The Lake and Watershed
Lake Superior is immense. It’s the largest expanse of freshwater on the planet. Often referred to as an inland sea, it has served as a travel corridor for millenia. It takes roughly 3 months to circle the Lake by canoe. Or 30 days to bicycle the 1,300 mile (2,900 km) road route known as the Lake Superior Circle Tour. By car, the journey takes only 3 days but we recommend taking as much time as you can.
This watershed consists of old mountain ranges, ancient bedrock, sandstone cliffs, sweeping beaches, and expansive forests. And of course there’s the water: 200 flowing rivers, over 400 islands and the lake itself. The ever-present personality of Superior affects everyone who gazes across its great distance to the far horizon. In its presence, the lake calms us, excites us, and humbles us. We are Water. And Water is Life.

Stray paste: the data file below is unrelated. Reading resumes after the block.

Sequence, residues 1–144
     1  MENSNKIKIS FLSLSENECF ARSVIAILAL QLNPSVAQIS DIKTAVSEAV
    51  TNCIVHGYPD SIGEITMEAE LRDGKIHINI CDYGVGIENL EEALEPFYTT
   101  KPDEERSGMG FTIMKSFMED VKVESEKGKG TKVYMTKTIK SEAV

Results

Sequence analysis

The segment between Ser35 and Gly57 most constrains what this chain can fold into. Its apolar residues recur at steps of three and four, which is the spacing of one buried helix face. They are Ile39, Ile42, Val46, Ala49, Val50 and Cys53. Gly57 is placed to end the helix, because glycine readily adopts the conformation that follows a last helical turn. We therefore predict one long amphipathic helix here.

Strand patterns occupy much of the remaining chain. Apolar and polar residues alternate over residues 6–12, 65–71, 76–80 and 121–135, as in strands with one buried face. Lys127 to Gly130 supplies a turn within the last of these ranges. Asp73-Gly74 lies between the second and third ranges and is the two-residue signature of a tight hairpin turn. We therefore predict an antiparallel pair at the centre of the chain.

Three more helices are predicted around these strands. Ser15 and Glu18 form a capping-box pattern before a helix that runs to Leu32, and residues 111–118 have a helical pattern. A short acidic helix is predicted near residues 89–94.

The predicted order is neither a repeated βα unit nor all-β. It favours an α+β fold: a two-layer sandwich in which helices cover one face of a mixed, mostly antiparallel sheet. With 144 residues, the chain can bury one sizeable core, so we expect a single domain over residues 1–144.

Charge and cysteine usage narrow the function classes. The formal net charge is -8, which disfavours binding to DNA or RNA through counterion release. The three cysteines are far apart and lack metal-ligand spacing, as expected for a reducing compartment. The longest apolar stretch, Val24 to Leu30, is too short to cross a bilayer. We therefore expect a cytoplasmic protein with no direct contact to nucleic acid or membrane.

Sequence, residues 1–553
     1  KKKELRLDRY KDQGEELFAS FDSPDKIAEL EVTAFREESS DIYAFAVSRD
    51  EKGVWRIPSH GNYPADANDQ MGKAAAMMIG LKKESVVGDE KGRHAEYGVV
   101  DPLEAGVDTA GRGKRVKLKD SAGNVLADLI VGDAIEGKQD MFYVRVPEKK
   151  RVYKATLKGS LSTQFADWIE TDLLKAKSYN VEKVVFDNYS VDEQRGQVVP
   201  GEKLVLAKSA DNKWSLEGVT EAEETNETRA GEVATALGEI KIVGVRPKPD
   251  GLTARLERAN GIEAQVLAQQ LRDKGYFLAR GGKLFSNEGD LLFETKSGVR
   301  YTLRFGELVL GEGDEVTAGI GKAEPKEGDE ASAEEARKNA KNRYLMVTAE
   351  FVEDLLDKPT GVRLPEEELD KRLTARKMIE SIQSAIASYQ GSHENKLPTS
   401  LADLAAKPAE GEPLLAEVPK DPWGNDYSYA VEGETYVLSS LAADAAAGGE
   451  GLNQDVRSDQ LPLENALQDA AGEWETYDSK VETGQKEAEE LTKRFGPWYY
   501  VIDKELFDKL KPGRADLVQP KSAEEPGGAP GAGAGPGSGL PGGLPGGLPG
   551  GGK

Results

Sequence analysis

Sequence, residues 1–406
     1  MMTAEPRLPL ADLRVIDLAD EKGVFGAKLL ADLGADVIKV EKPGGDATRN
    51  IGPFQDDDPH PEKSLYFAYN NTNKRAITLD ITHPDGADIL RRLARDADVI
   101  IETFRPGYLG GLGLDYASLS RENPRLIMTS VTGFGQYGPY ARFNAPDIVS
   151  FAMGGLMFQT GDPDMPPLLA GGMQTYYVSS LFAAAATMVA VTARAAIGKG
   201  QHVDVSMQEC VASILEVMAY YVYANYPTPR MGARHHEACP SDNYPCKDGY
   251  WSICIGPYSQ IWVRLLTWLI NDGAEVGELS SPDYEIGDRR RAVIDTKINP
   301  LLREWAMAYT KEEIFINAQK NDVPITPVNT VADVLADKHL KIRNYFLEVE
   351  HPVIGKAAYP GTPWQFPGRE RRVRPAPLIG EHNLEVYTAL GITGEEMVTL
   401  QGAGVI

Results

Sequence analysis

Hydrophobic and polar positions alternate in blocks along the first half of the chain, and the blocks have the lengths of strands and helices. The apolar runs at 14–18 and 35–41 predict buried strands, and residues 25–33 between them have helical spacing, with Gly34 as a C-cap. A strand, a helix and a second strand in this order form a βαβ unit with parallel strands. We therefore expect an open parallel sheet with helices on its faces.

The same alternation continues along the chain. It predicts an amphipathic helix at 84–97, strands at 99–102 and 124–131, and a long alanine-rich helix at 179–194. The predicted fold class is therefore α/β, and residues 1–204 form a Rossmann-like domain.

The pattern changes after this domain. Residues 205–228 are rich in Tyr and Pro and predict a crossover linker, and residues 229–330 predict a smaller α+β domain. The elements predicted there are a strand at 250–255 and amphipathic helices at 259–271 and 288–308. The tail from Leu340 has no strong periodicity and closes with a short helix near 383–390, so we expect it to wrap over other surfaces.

Protecting and preserving the lake and its watershed is essential to the health of the entire Great Lakes. Given that Lake Superior flows to all the lower Great Lakes, it is fortunate indeed that it is the healthiest lake. It is the deepest, coldest, and contains more freshwater than all the other lakes combined. This vast and unique headwaters is surrounded by a forested landscape that has experienced the least amount of urbanization and agricultural runoff impacts. The lake is not without its challenges due to the impacts of industrial and mining wastes, clearcutting forestry practices, fluctuating water levels, invasive species and fish consumption advisories, but it still holds such enormous promise and hope as a clear symbol of freshwater protection on our planet.
What is the Lake Superior Watershed?
It is the land area through which all water droplets flow to reach the one common destination, Lake Superior. Whether that water is in the ground, in the rivers, in the trees or falling from the sky, it eventually ends up in the Lake.